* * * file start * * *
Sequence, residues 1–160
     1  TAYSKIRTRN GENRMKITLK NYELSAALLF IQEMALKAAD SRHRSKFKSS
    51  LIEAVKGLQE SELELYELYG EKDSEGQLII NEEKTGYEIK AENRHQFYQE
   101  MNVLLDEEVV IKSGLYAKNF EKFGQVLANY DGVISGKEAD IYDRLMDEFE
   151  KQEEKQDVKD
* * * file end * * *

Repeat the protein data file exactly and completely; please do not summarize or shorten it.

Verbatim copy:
Sequence, residues 1–160
     1  TAYSKIRTRN GENRMKITLK NYELSAALLF IQEMALKAAD SRHRSKFKSS
    51  LIEAVKGLQE SELELYELYG EKDSEGQLII NEEKTGYEIK AENRHQFYQE
   101  MNVLLDEEVV IKSGLYAKNF EKFGQVLANY DGVISGKEAD IYDRLMDEFE
   151  KQEEKQDVKD